Google AMP evolves to tackle ecommerce
Google has made some significant changes to the SERPs by rolling out AMP (Accelerated Mobile Pages) for ecommerce.
As of the August 22, the AMP project now provides the option to build aspects of eccommerce sites, such as product and category pages.
It seemed only a matter of time before this would occur, especially after eBay announced the launch of 8 million AMP-enabled pages, but what exactly does it mean, and how should retailers react?
Anything that can increase conversion rates will always be welcome news for retailers, and the improvements in page load speeds that AMP brings will most likely help to achieve this.
Furthermore, Google will display AMP pages in the search results, rather than just in the carousel. It’s important to note that this update does not affect rankings directly (yet), although site speed and on-site engagement metrics, which AMP is focused on, could have an impact on your rankings.
Over time, it is also possible that Google will favour sites running AMP as they will cater for the growing mobile audience too.
Although AMP pages aren’t the most adaptable or customizable at this stage, some large retailers (including eBay) are partnering with Google to test features such as smart buttons and advanced tracking, so we should expect a lot more developments in future. You can check out the proposed timeline with upcoming changes here.
Richard Gingras, Google’s head of news and social products explains:
“This is a very big step forward simply in terms of the amount of traffic we will now see going to AMP files — by far the biggest so far, in terms of increasing overall AMP adoption and traffic.”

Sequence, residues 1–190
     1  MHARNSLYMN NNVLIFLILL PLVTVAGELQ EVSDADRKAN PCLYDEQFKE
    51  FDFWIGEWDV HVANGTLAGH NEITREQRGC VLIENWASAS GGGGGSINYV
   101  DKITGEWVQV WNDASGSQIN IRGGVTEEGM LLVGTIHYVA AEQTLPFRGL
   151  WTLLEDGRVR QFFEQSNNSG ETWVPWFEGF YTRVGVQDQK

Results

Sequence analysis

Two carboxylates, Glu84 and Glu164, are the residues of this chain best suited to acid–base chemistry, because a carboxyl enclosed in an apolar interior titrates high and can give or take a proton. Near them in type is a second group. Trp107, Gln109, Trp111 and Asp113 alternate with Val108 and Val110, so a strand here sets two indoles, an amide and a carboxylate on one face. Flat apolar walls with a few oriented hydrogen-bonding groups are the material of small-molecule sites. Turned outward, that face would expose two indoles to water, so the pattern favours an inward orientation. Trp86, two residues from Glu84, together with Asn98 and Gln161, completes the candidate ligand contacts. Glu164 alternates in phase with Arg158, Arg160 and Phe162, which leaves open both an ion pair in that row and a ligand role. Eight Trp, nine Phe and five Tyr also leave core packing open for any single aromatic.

Google says that ‘AMP is a natural fit for ecommerce because AMP makes webpages fast, and fast pages help with purchase conversions.’ If you want to see what sort of results are coming up with AMP searches, click this link and perform a search from a mobile device.
The aim for this project will ultimately be to provide a complete overhaul of the mobile e-commerce experience, utilizing stripped-back HTML to provide quicker load speeds, but also faster transitions between products.
This is certainly something retailers will want to bear in mind as they craft product pages and select images.
AMP could provide a boon for early adopters, as we will expect this to become the industry standard for all ecommerce sites in time – much in the same vein as the ‘mobile friendly’ tags, recently removed from SERPs now that over 85% of sites meet the criteria.
The lightning bolt tag displayed alongside results will also lead to higher click-through rates as consumers realize that they relate to faster loading speeds, so there is an additional benefit here.
This should be viewed as a great opportunity to provide a better mobile experience and increase conversion rates. Implementing AMP may not be a straightforward process, but this open-source initiative does come with a lengthy list of best practices to aid developers.
If you are still on the fence as to whether you should make your content AMP compliant, these recent changes just might tip you over the edge.